Caught in a culture clash

Trish Lorenz looks at photographs of Japanese women trapped in the insidious suburban spread

Despite globalisation, Japan remains an enigma, and many of the country’s contemporary cultural exports only serve to further skew our ideas of what constitutes everyday life in the country.

Take young Tokyo-based photographer Tomoaki Makino’s first solo show in the UK, which opened last week at Museum 52 in London’s Shoreditch. Entitled Afternoon, it features a series of portraits of middle-aged Japanese women (including Makino’s mum) in their Tokyo homes on weekday afternoons. Their home environments veer from traditional Japanese to interiors that wouldn’t look out of place in middle England – filled with patterned velour sofas and matching curtains.

What subverts the images is the combination of the subjects’ poses and the accoutrements that Makino has put in the frame: exercise equipment, cuddly toys, a rabbit in a cage and an old dentist’s drill. Makino has staged incongruous moments where the women are captured midway through what seem to be solemn pieces of theatre or dance steps. They stare into space, projecting a sense of melancholy, seemingly trapped by their homes and their possessions.

Makino, a member of the Stair AUG photographic collective and recipient of prizes in his native Japan, suggests the exhibition can be read as a comment on the creeping Western-style suburbia slowly colonising Japan. Four suburban developments just outside Tokyo identical to those in Orange County, California, have recently sold out.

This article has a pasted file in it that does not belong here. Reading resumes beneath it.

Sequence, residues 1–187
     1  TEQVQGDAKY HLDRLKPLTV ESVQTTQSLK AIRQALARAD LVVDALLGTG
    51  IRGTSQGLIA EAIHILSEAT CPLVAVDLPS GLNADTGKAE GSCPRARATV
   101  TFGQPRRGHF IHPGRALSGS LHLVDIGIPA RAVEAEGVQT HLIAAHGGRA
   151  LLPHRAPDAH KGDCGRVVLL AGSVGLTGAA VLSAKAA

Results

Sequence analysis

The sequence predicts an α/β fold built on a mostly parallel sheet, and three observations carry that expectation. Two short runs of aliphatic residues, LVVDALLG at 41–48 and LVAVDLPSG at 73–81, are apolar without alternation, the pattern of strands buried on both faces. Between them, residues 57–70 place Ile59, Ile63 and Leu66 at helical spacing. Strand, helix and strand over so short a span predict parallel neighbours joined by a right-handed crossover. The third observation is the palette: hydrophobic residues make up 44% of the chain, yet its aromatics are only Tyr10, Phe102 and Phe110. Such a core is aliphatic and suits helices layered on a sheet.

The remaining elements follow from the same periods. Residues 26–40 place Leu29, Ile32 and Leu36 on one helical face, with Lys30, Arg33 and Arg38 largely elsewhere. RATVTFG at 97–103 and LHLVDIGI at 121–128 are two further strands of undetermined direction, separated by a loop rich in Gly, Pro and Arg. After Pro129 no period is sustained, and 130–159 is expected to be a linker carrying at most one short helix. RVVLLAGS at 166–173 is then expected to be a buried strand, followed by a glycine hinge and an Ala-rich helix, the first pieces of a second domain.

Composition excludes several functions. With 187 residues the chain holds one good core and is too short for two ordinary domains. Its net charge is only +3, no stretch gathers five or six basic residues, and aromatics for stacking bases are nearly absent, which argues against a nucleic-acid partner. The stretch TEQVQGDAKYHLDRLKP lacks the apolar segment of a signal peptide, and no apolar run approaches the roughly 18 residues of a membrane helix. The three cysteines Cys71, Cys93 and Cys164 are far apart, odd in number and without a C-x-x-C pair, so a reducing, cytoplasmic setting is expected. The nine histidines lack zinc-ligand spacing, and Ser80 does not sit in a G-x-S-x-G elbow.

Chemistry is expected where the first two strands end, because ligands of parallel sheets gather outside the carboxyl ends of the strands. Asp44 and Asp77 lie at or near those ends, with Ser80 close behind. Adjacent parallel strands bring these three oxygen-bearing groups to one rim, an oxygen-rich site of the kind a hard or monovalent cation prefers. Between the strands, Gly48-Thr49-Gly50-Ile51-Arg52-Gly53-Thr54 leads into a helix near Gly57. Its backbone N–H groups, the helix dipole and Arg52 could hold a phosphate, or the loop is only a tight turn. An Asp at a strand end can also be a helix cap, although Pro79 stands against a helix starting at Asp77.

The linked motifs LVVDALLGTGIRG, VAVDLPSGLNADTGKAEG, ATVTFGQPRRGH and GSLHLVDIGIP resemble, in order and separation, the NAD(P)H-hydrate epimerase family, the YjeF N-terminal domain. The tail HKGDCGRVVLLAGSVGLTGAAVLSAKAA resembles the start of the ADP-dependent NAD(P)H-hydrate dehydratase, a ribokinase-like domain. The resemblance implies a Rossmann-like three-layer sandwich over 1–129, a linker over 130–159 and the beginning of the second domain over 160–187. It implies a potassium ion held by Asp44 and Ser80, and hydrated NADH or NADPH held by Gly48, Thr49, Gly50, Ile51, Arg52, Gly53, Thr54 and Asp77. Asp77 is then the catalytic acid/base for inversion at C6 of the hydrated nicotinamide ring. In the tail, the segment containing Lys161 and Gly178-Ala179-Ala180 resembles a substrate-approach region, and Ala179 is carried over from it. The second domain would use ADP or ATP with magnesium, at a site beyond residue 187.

Makino says he was also inspired by the film Calendar Girls that recognised, with a touch of subversive humour, the many facets of older women in British society. Middle-aged Japanese women, who for many years took on the invisible role of homemaker, are slowly starting to find their voice. His photographs, beautifully shot with an almost harsh, whitening light that leaves no shade for interpretation, capture this moment.

They do so with the same sense of dislocation within the reality of the everyday, of illusion that’s simultaneously disturbing and engaging, present in Haruki Maurakami’s book The Wind Up Bird Chronicles. And you’ll find yourself thinking about these women for many days to come.

Afternoon runs 11am-6pm, Thursday to Sunday until 23 April at Museum 52, 52 Redchurch Street, London E2. Tel: 020 7366 5571

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